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IMAGES
German Pavilion EXPO 1967 / 0 © Frei Otto
German Pavilion EXPO 1967 / 2 © Burkhardt
German Pavilion EXPO 1967 / 3 © Frei Otto
German Pavilion EXPO 1967 / 4 © Frei Otto

PROJECT DESCRIPTION

Frei Otto and Rolf Gutbrod won the first prize at the competition for the German Pavilion at the World Expo in Montreal, Canada, in 1965, by submitting an innovative rope net construction as a roof for the pavilion.
The proposal conceived a 8,000sqm pavilion to be built from a flexible polyester material draped over a net of steel cables, supported by eight irregularly spaced columns and tension cables that created a structure with multiple peaks.
Only 13 months passed between planning the building and completion of the spatial covering. The simple manufacture of the net, the easy which it could be installed and above all its elegance, attracted attention from all over the world.

Design process
The key concept was to create a man-made landscape by using a lightweight “floating” like cable-net structure. A series of models were developed to investigate the form and cut of this rope net construction: soap film models, form study models and demonstration models in tulle, measurement models in wire and experimental models in wood.
A 1:75 scale steel wire model was used to test the structural loads by using measuring devices, specially developed for the purpose by Eberhand Haug and Frei Otto at the Institute for Lightweight Structures in Stuttgart.

One of the aim of the investigation was to make efficient and responsible use of materials. The structure had to be made by using a minimum of materials. Bearing this in mind, light weight cross-clamp with no corners and edges was employed as the rope structural nodes node, making easy to roll and unroll the strips of netting. This system that Frei Otto developed has been proven easy to assemble, reasonable pricing, strike prevention and material reusable.

An experimental structure was erected on the university campus in Stuttgart-Vaihingen in 1966 to test the construction and assembly. This structure will be used, later on, the supporting system of the Institute for Lightweight Structures (today called ILEK), which Otto founded in 1964. The structure was conceived to be prefabricated in Germany, shipped to Montreal in rolls and rapidly assembled in very few weeks.

Construction
The erection of the astonishing structure took only 6 weeks. It was put together without a safety net or scaffolding while work for the interiors of the pavilion proceeded underneath. The 8,000 m2 net was made up by 12mm diameter steel ropes with clamps placed 500mm apart.
The rope net construction had 8 high and 3 low attachment points, was supported by a mast between 14 and 36m height. A PVC-coated membrane was suspended 500mm below the net as a protection against the elements.

AWARDS

SUSTAINABILITY FEATURES

Shading system

SUSTAINABILITY STRATEGY

The key concept was to create a man-made landscape by using a lightweight “floating” like cable-net structure. A series of models were developed to investigate the form and cut of this rope net construction: soap film models, form study models and demonstration models in tulle, measurement models in wire and experimental models in wood.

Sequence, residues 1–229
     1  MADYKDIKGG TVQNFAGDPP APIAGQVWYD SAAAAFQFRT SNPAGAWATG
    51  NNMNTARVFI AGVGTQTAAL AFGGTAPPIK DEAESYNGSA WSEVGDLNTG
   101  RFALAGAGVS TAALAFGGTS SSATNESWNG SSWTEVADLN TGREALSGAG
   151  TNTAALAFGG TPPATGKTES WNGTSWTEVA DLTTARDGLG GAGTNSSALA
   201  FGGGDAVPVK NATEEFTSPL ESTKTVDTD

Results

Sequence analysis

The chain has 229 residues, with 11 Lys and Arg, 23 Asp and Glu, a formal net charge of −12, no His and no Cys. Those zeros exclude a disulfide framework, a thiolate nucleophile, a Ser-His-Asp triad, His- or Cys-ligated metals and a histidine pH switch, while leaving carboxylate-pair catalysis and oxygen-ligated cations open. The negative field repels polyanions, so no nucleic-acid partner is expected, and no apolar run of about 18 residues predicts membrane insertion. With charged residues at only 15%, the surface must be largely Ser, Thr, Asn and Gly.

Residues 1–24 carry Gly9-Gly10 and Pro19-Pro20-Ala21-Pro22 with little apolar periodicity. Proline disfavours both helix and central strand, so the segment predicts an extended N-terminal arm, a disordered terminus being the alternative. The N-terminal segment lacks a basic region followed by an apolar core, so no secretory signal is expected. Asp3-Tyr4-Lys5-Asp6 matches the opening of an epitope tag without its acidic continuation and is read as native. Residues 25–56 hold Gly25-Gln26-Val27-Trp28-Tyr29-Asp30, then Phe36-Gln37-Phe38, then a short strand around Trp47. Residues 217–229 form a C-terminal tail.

A 1:75 scale steel wire model was used to test the structural loads by using A measuring devices, specially developed for the purpose by Eberhand Haug and Frei Otto at the Institute for Lightweight Structures in Stuttgart.

One of the aim of the investigation was to make efficient and responsible use of materials. The structure had to be made by using a minimum of materials. Bearing this in mind, light weight cross-clamp with no corners and edges was employed as the rope structural nodes node, making easy to roll and unroll the strips of netting. This system that Frei Otto developed has been proven easy to assemble, reasonable pricing, strike prevention and material reusable.

An experimental structure was erected on the university campus in Stuttgart-Vaihingen in 1966 to test the construction and assembly. This structure will be used, later on, the supporting system of the Institute for Lightweight Structures (today called ILEK), which Otto founded in 1964.

The structure was conceived to be prefabricated in Germany, shipped to Montreal in rolls and rapidly assembled in very few weeks.

ENERGY DATA

Energy consumption:

N/A (N/A )

Consumption type:

Annual carbon footprint:

N/A (N/A )

Climate zone:

Continental

Min. temperature =

-14

Max temperature =

+27

RH =

62% - 70%

Continental

No product info available

CLIENT

Client:

Bundesbaudirektion

DESIGNERS

Architect:

Atelier Frei Otto, Rolf Gutbrod

Architect:

L. Medlin , H. Kies , H. Kendel

CONSULTANTS

Structural Engineer:

A. Drab , Leonhardt und Andrä , CBA Engineering Ltd., K. Manniche , Leonhardt und Andrä, Harald Egger, Fritz Leonhardt

CONTRACTORS

Contractor:

Dominion Bridge Company

Sub contractor:

Emil Huber , Felten & Guilleaume , Gustav Ernstmeier OHG , Heinrich Geiger , Karl Schmidlapp KG , Lenhauserhammerwerk , Thalurit-Erzeugnisse , Westfälische Draht-Industrie , Steffens & Nölle AG , L. Stromeyer + Co.

Supplier:

L. Stromeyer + Co.

OTHER PROJECTS BY TEAM

No other project by team

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PROJECT INFO

Building type:

Exhibitions/Museums

Year:

1967

Project Status:

Built

Gross Area:

8000 Sqm

Certificates:

Climatic zone:

Continental

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